Carrots, Sticks and Cyber-spies

Carrots, Sticks and Cyber-spies

The US legislature is proposing international cybercrime laws according to an article on Dark Reading . The idea is to provide incentives to cooperate on fighting cybercrime, as well as penalties for countries that do not cooperate. Part of the plan calls for a “Cyber-Security Ambassador” .

There is an interesting dynamic to the idea. I have no doubt that many, if not most countries are engaged in cyber-espionage. If you mostly eliminate the rogue cyber-criminals then what you have left are the state sponsored spies. In practice it may well be that even with broad international cooperation there will still be so much cyber-crime that the cyber-spies can hide out in the “noise”.

Assuming the proposed bill is passed, I believe it will be at least 2 years before policies and procedures are defined and implemented. There may well be a few scattered early victories, but I suspect it will be at least 5 years before we see a moderately effective, coordinated international effort to fight cyber-crime on the international nation level.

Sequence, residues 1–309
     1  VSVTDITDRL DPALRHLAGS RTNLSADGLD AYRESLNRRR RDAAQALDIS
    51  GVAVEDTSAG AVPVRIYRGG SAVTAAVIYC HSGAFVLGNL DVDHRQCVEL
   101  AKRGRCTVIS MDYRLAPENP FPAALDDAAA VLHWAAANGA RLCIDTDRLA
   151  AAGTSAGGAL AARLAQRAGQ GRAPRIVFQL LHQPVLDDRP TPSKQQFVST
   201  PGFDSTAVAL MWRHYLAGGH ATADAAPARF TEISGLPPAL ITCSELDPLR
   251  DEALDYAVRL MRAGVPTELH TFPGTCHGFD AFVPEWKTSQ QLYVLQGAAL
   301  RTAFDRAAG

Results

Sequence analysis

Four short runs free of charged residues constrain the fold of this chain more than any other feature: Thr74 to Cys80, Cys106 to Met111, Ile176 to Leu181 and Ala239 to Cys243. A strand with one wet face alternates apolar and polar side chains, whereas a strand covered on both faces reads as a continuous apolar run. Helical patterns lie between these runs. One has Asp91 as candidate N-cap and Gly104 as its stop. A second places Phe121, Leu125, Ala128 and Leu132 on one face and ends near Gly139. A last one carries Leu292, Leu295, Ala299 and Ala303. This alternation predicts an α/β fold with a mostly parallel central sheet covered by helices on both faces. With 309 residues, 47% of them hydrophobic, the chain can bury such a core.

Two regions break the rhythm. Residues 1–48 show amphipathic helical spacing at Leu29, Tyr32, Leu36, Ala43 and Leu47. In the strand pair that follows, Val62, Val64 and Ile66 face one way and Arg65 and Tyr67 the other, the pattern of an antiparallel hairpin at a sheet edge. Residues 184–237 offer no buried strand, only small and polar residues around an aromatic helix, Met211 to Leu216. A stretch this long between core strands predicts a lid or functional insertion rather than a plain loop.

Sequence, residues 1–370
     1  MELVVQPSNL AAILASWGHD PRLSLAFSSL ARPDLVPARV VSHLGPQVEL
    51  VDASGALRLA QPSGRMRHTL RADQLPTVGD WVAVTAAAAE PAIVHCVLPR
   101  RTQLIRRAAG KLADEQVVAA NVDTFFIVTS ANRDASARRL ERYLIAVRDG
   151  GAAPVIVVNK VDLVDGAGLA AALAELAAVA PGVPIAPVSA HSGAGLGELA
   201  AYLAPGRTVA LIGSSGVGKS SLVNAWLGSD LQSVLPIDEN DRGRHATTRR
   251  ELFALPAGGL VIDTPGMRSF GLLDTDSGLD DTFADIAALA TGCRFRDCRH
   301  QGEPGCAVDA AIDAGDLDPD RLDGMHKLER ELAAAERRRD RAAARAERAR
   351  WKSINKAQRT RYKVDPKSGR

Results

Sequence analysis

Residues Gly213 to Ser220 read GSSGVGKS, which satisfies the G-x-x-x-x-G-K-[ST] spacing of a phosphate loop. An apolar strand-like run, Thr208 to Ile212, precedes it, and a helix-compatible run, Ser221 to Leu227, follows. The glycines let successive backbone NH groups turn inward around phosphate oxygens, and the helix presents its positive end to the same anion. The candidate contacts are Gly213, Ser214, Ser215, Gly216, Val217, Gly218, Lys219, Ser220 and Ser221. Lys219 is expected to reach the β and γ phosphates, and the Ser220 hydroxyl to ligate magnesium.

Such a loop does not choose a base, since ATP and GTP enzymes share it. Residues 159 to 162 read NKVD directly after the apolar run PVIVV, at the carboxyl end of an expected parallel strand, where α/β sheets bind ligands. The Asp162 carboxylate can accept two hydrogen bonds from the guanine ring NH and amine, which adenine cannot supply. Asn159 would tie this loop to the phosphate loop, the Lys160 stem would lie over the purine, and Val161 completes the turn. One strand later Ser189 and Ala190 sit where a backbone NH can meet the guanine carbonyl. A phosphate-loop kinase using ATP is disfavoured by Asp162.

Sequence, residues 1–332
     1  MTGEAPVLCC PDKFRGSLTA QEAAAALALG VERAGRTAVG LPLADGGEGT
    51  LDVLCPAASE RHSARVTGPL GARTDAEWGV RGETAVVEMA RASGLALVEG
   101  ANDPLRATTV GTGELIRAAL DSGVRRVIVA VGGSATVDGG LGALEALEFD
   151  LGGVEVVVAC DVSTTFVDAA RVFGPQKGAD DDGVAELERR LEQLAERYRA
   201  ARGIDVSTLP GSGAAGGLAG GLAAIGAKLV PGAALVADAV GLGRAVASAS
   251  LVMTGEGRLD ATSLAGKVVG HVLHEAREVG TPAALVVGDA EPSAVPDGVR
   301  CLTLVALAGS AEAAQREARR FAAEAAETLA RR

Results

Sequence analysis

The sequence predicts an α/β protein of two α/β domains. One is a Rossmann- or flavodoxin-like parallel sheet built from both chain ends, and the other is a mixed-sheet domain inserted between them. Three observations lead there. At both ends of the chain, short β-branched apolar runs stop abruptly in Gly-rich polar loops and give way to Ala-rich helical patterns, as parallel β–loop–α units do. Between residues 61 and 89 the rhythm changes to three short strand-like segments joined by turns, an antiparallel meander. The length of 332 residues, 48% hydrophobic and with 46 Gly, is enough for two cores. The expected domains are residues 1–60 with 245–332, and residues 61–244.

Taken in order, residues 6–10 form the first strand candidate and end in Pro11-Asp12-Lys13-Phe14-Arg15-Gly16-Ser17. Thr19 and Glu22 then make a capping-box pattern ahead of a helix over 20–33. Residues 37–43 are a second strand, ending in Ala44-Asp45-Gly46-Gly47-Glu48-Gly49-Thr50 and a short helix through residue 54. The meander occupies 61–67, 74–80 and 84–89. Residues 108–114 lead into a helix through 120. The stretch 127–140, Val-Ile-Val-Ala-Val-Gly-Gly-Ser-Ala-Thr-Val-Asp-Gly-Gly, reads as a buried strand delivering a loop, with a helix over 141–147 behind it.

The idea is still worth pursuing. Even if it takes a few years, 20 years from now we’ll be in a worse place if we don’t at least try. There already are many instances of private sector companies and individuals working internationally to combat cyber-crime. A cyber-NATO can go a long way toward helping to make the web a safer place.
 
It’s a pity that neither Henry Kissinger nor Leonard Nimoy is likely to be available for the cyber-ambassador role.
 
Randy Abrams
Director of Technical Education

Author , ESET

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